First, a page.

MACD, short for Moving Average Convergence/Divergence, is an economic indicator utilized in technical analysis of rising stock prices, produced by Gerald macd indicator Appel in late 1970s. It is essentially designed to show changes in the tendency, direction, and time length of a trending stock price. For every upswings, there is a downswing. For every downswings, there will be a period of upswing before a reversal. The MACD can be used as a highly reliable guide to stock trading.
The MACD uses a special charting tool called the Moving Average Convergence Divergence, or MACD for short. MACD uses moving averages, which are numbers that represent the average price of the underlying security over a period of time. The MACD uses information from the previous trading session to generate the current estimate of the best times to buy or sell stocks. Using this information, traders can make accurate trading moves and maximize profits, or reduce losses, depending on the current state of the market. The MACD uses a divergence analysis technique to determine when it is appropriate to enter a trade.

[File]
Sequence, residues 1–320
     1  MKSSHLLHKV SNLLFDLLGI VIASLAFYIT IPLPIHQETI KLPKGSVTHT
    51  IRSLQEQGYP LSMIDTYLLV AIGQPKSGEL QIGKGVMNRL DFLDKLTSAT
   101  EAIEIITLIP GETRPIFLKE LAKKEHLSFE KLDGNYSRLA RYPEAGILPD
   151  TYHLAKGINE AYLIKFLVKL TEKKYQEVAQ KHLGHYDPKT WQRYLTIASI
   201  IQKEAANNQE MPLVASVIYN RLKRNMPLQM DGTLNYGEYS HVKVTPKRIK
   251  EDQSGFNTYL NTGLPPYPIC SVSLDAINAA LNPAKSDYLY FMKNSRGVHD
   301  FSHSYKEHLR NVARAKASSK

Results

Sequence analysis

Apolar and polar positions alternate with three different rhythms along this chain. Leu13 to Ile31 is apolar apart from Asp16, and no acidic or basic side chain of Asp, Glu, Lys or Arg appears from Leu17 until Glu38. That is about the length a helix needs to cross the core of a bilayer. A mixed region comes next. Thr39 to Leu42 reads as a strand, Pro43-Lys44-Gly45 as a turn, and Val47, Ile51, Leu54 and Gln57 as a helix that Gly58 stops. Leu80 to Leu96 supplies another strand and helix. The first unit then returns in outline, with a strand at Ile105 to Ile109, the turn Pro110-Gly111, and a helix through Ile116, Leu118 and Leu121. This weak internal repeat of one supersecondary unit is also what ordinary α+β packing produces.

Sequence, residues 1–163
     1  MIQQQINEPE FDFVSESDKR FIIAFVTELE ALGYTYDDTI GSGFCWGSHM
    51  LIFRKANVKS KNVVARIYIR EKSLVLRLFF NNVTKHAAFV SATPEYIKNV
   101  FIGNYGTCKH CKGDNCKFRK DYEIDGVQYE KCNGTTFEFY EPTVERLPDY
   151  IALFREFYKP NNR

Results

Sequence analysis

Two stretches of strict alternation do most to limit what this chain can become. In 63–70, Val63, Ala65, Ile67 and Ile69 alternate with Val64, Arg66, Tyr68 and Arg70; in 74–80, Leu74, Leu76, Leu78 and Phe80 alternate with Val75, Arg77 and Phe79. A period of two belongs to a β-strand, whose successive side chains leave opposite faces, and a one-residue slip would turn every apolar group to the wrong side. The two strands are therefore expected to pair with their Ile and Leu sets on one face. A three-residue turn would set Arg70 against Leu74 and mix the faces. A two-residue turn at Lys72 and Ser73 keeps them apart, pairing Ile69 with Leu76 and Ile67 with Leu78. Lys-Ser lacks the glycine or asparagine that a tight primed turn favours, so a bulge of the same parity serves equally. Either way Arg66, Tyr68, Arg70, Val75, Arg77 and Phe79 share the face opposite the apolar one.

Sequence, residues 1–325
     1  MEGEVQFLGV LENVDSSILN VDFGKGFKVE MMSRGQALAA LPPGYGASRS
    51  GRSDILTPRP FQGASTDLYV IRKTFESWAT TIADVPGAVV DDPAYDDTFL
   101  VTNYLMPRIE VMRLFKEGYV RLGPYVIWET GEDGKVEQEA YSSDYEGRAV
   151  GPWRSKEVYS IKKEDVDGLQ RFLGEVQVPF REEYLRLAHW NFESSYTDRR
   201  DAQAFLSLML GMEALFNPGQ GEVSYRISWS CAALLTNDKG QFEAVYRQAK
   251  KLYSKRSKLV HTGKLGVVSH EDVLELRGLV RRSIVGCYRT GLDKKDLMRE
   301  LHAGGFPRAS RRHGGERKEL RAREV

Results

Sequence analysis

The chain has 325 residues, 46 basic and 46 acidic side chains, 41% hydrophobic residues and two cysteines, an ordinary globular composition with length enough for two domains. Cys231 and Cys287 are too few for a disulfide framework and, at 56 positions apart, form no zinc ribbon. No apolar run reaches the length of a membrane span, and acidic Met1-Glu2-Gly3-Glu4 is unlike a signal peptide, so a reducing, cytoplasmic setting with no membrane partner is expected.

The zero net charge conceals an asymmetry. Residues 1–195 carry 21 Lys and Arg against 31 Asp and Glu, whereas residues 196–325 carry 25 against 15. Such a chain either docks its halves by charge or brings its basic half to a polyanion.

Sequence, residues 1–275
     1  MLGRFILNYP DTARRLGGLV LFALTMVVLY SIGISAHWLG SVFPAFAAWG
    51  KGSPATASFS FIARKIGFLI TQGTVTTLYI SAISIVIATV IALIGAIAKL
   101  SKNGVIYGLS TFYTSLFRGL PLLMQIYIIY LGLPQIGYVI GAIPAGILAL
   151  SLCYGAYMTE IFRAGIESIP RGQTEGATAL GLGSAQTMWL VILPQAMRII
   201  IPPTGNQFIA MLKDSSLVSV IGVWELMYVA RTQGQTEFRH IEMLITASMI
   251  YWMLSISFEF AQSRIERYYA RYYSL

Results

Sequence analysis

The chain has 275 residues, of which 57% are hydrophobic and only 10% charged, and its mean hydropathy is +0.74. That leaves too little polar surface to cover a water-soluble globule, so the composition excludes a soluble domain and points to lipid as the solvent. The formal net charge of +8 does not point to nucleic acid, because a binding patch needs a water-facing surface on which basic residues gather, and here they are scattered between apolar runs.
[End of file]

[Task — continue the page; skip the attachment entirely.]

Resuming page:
Traders use the MACD to determine the best times to buy or sell stocks, when the trend is up. However, the MACD is not accurate at predicting trends in volatile markets, like the NYSE (New York Stock Exchange). In these markets, the MACD cannot determine the exact value of the moving average. To determine the closest estimates, we must apply different methods. We will discuss these different methods in another article. The purpose of this article is to introduce the concept of MACD to a novice trader.